International law organization participationaccepts compulsory ICJ jurisdiction with reservations; withdrew acceptance of ICCt jurisdiction in 2008has not submitted an ICJ jurisdiction declaration; non-party state to the ICCt
National symbol(s)secretary bird; national colors: red, white, black, greencamel; national colors: green, red, blue
Citizenshipcitizenship by birth: no

citizenship by descent only: the father must be a citizen of Sudan

dual citizenship recognized: no

residency requirement for naturalization: 10 years
citizenship by birth: no

citizenship by descent only: at least one parent must be a citizen of Eritrea

dual citizenship recognized: no

residency requirement for naturalization: 20 years

Economy

SudanEritrea
Economy - overview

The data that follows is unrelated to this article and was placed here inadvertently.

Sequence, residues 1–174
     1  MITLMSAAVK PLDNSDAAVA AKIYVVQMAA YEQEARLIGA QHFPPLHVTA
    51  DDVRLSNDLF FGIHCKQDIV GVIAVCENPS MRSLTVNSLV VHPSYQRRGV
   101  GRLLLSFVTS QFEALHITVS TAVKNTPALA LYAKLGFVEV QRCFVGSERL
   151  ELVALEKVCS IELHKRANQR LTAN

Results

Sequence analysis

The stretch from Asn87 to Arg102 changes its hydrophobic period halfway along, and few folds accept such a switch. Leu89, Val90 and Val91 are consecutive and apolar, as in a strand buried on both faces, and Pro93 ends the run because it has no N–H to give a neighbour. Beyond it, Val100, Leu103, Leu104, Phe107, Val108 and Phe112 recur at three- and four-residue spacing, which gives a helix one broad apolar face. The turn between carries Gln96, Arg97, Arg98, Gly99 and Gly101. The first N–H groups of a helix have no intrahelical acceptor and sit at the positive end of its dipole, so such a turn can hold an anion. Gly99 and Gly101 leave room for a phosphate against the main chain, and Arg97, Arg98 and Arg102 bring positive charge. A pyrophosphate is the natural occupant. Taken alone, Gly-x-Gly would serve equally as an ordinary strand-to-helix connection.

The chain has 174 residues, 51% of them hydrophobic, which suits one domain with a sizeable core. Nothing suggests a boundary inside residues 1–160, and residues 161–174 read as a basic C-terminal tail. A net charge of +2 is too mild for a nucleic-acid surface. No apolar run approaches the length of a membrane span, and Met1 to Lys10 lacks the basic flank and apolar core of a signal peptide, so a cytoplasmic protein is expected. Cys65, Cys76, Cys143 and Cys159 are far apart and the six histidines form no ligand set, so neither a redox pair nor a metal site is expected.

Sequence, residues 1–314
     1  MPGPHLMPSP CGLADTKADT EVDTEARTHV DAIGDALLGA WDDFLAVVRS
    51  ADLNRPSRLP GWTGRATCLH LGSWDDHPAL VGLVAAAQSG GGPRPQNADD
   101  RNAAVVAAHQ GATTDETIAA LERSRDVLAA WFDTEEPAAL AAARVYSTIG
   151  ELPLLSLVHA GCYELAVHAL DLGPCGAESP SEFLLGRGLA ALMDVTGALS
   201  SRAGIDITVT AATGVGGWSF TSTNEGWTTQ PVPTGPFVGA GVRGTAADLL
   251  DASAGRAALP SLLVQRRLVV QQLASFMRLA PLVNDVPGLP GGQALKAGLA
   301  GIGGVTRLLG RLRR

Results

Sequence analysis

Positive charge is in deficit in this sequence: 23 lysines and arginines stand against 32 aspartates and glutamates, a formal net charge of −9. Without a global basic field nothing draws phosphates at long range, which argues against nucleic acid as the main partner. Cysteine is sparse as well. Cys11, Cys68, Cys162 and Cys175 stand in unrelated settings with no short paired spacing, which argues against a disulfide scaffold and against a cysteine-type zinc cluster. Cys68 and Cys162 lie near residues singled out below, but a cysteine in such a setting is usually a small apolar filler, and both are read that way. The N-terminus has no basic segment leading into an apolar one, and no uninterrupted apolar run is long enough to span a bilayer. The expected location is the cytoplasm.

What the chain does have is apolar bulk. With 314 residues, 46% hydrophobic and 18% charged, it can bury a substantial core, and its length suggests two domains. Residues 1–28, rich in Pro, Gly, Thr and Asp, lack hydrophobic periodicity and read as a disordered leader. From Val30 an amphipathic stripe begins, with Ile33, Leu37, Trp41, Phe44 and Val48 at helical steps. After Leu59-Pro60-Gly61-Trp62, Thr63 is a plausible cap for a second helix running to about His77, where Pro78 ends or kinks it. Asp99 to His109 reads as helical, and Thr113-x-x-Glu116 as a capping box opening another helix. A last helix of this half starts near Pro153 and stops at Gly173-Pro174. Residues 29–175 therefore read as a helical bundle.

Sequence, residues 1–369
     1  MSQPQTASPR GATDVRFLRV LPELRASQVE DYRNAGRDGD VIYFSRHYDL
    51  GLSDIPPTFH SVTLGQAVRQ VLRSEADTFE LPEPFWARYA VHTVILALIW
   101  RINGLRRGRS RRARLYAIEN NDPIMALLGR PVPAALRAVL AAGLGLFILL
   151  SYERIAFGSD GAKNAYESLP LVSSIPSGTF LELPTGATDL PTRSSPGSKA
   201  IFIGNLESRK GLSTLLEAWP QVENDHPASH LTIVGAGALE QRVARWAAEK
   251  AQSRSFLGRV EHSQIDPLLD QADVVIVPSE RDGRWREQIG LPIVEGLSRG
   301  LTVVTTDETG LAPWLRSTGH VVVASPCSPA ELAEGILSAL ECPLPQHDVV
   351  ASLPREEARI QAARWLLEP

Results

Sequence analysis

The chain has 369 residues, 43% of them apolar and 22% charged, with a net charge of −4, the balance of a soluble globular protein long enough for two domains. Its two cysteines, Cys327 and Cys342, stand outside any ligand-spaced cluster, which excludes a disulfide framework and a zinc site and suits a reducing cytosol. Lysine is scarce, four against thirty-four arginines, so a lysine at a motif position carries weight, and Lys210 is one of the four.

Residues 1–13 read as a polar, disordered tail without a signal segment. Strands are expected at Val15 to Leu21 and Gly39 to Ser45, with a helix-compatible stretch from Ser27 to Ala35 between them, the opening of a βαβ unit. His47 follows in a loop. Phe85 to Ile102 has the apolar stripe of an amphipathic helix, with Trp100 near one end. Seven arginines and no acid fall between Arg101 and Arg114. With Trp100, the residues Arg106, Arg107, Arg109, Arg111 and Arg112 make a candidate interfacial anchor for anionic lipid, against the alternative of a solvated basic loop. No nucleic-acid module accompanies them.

Sudan has experienced protracted social conflict and the loss of three quarters of its oil production due to the secession of South Sudan. The oil sector had driven much of Sudan's GDP growth since 1999. For nearly a decade, the economy boomed on the back of rising oil production, high oil prices, and significant inflows of foreign direct investment. Since the economic shock of South Sudan's secession, Sudan has struggled to stabilize its economy and make up for the loss of foreign exchange earnings. The interruption of oil production in South Sudan in 2012 for over a year and the consequent loss of oil transit fees further exacerbated the fragile state of Sudan’s economy. Ongoing conflicts in Southern Kordofan, Darfur, and the Blue Nile states, lack of basic infrastructure in large areas, and reliance by much of the population on subsistence agriculture, keep close to half of the population at or below the poverty line.